The government argues, in turn, that Lomow deserves credit only for those funds that the District distributes to its ratepayers and that, therefore, the court should not offset the receiver's expenses. We reject this argument. The government conceded that Lomow defrauded the District in and of itself. The district court ordered Lomow to pay restitution to the District, not to the ratepayers. Thus, for purposes of restitution, the District, care of the receiver, is the victim.


The existence of a state court judgment based on the losses generated by Lomow's scheme to defraud does not change the outcome. Under the civil judgment, Lomow was to pay nine million dollars to the District and the District was to reimburse the ratepayers with the first two million recovered, plus interest. The state judgment also allowed the receiver to incur specified expenses. However, the "policy of criminal restitution is penal and not compensatory." United States v. Mindel, 80 F.3d 394, 397 (9th Cir. 1996). The civil judgment compensates the victims of Lomow's fraud, and fulfilling the criminal restitution order will not abrogate Lomow's legal responsibility to pay the civil judgment, including the receiver's expenses. However, the district court does not have the inherent authority to order restitution. United States v. Snider, 957 F.2d 703, 706 (9th Cir. 1992). The district court may order restitution only for direct losses caused by Lomow's fraud, and the receiver's expenses, although authorized by the civil court, are not part of the funds fraudulently diverted by Lomow's scheme. See Sablan, 92 F.3d at 870.


Therefore, Lomow must be credited for all funds that he transferred to the District, care of the receiver. On remand, the district court must offset Lomow's restitution by $232,733.69, reflecting the gross amount transferred rather than the $31,867.17 that remained after paying the receiver's expenses.



The district court also erred in not valuing the property as of the date Lomow assigned it to the receiver. As of the sentencing hearing, the receiver had control of $50,000 in property. The district court refused to offset that amount. Rather, the district court used the sales price unless a decrease in the value were due to "some delay or undue diligence on the part of the receiver."


The district court erred in so doing. The amount of restitution must be " `reduced by the value of the property as of the date the victim took control of the property.' " Catherine, 55 F.3d at 1465 (quoting United States v. Hutchinson, 22 F.3d 846, 856 (9th Cir. 1993)) (emphasis in original). A"district court abuse[s] its discretion by valuing the[property] at the time of the final disposition of the property by the victim . . . , rather than at the time the [victim] gained control of the property." Id.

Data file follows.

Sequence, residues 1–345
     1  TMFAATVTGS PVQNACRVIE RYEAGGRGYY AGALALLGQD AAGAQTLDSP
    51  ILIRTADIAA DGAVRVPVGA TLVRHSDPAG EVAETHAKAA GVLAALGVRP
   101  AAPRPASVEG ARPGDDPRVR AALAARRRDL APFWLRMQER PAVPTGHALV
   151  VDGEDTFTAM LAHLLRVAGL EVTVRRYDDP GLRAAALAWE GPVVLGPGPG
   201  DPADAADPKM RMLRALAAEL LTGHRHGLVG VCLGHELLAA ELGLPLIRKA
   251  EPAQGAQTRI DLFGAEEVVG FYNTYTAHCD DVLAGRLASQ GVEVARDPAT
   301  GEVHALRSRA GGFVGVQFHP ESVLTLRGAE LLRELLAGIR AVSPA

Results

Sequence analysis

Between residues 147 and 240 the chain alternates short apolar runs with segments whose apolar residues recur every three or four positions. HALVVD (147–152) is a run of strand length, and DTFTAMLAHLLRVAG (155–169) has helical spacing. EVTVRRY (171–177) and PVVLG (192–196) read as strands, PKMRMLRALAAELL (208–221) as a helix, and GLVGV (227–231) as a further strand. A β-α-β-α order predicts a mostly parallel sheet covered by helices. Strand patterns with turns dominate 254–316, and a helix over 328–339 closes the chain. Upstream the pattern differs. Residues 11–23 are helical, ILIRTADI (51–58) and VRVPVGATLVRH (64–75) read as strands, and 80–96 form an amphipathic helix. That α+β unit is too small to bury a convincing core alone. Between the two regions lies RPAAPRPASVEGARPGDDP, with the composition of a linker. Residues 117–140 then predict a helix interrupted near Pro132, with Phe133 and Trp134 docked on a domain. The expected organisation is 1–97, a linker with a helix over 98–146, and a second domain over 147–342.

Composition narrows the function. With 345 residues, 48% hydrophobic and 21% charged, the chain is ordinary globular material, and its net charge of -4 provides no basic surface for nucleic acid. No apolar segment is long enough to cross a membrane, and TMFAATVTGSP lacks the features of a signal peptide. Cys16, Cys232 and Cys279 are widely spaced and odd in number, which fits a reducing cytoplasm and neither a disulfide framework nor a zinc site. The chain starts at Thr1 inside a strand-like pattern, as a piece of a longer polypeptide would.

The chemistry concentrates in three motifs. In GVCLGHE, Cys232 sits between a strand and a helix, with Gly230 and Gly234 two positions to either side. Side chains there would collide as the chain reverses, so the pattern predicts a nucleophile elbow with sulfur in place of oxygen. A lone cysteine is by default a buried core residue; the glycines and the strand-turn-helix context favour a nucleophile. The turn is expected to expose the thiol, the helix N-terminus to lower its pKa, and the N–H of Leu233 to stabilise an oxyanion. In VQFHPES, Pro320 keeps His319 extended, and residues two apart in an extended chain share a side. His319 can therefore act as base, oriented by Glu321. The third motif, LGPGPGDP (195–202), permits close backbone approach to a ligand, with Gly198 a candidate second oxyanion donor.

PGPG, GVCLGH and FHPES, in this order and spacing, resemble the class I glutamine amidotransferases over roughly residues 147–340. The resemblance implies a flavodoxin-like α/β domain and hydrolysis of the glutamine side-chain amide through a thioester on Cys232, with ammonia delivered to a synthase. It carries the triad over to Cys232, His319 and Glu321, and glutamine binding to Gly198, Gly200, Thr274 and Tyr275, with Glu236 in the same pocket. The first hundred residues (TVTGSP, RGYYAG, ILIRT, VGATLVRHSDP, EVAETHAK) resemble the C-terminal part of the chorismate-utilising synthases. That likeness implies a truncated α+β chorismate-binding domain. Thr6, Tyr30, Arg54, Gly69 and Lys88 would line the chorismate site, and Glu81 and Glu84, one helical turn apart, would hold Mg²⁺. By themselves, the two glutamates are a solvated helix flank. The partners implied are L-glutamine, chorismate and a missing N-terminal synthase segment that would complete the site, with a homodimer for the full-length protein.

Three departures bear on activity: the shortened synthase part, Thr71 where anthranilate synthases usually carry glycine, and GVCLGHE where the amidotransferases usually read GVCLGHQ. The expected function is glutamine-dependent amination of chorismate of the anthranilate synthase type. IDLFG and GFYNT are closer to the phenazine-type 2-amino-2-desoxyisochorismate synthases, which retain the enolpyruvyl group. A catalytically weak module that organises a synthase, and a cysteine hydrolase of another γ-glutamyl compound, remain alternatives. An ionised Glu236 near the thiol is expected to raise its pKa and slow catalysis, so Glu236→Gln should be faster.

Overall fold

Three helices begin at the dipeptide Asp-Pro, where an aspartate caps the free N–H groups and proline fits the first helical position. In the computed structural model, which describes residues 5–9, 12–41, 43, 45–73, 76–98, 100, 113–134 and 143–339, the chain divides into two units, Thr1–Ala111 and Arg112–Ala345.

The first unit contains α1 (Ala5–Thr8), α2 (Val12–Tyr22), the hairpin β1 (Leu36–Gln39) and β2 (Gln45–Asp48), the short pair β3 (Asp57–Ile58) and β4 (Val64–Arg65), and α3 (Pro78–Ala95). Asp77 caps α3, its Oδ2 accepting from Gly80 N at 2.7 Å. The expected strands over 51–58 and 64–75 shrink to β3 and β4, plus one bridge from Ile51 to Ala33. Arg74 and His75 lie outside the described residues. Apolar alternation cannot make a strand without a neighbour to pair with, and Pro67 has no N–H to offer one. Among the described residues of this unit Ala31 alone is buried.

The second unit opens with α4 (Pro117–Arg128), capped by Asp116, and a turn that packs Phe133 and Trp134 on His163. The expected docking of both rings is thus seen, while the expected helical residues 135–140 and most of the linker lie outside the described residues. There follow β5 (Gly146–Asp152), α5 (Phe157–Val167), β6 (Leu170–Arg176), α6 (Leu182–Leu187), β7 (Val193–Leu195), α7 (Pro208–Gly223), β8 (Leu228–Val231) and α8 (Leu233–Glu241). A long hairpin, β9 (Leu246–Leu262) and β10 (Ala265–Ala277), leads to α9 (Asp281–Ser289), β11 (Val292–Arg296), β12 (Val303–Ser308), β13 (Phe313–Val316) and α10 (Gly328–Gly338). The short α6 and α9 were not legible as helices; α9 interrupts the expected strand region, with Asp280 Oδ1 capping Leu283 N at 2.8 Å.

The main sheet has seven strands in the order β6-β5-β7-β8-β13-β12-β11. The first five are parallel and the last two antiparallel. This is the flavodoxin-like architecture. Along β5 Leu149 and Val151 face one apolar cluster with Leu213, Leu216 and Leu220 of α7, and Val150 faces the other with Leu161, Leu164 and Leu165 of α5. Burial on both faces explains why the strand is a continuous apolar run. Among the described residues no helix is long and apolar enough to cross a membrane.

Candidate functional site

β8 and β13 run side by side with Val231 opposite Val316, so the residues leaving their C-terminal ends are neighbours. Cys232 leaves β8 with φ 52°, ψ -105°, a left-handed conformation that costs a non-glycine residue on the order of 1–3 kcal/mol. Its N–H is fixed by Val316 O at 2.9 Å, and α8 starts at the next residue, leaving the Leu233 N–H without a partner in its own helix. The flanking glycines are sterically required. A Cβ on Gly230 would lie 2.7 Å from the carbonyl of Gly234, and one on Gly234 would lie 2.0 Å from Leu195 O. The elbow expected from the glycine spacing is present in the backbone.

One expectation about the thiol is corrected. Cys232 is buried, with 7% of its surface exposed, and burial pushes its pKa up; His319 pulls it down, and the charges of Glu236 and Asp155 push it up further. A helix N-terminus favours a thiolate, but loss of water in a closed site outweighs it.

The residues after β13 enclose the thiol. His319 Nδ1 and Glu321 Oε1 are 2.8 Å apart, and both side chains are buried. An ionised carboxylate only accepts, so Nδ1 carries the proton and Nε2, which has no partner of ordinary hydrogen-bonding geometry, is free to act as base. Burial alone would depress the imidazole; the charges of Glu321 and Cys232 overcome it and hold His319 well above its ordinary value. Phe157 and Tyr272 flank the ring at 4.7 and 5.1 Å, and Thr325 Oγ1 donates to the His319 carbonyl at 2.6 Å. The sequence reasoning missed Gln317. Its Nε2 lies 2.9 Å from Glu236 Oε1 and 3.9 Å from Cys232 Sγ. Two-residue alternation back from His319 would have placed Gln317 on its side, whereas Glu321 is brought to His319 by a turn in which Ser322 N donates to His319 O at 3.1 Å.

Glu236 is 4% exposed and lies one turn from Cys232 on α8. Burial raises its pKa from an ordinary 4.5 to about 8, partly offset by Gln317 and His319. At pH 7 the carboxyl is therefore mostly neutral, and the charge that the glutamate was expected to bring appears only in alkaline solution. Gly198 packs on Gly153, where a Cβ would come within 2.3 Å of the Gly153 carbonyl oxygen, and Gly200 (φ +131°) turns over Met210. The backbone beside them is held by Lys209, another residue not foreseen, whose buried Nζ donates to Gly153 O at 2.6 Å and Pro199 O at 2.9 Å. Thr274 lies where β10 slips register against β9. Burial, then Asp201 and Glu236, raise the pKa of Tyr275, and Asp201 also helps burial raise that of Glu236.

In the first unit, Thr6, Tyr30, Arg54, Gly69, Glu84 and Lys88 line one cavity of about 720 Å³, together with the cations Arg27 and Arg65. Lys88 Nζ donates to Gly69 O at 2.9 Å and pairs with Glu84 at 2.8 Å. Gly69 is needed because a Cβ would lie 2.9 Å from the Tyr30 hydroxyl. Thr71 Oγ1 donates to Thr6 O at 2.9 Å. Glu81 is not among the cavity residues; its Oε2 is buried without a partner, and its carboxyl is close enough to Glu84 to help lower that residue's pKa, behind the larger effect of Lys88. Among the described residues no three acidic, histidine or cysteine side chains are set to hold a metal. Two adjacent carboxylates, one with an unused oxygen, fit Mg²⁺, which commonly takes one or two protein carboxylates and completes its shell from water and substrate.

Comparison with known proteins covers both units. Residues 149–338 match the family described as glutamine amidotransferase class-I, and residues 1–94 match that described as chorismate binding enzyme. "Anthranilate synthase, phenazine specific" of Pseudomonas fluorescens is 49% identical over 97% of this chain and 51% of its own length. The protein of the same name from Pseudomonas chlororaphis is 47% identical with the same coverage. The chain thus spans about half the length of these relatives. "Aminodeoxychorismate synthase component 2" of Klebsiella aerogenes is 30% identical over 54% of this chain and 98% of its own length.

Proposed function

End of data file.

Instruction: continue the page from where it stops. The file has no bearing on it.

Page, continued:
Lomow also argues that he should be credited for properties that he had personally signed over to the receiver but over which the receiver did not have control because other signatures were also required. We disagree and affirm the district court on this point. The district court must offset the value of the property once the victim, or in this case the receiver, has control over the property. See id. However, until all the required signatures had been obtained, the receiver did not have control over the properties in question. The district court correctly deferred offsetting them. On remand, however, the district court must offset the restitution by the value of any properties now in the receiver's control "as of the date the victim took control of the property." Id. (emphasis in original, quotation omitted).



The district court erred in declining to offset restitution by $250,000, which was recovered by settlement of the civil action with another defendant, Eckhoff Accounting ("Eckhoff"). Eckhoff had inspected, and allegedly negligently misrepresented, OMDS's books as part of the rate application process. Lomow argues that he should be credited for Eckhoff's settlement. Because the settlement is for the"same loss" as Lomow's fraud, we agree.


Section 3664(j)(2) provides, inter alia,"Any amount paid to a victim under an order of restitution shall be reduced by any amount later recovered as compensatory damages for the same loss by the victim in-. . . (B) any State civil proceeding, to the extent provided by the law of the State. " See also United States v. Crawford, 169 F.3d 590, 593 (9th Cir. 1999) (holding that insurance payment for death of victim was not for the "same loss" as the funeral expenses ordered as restitution).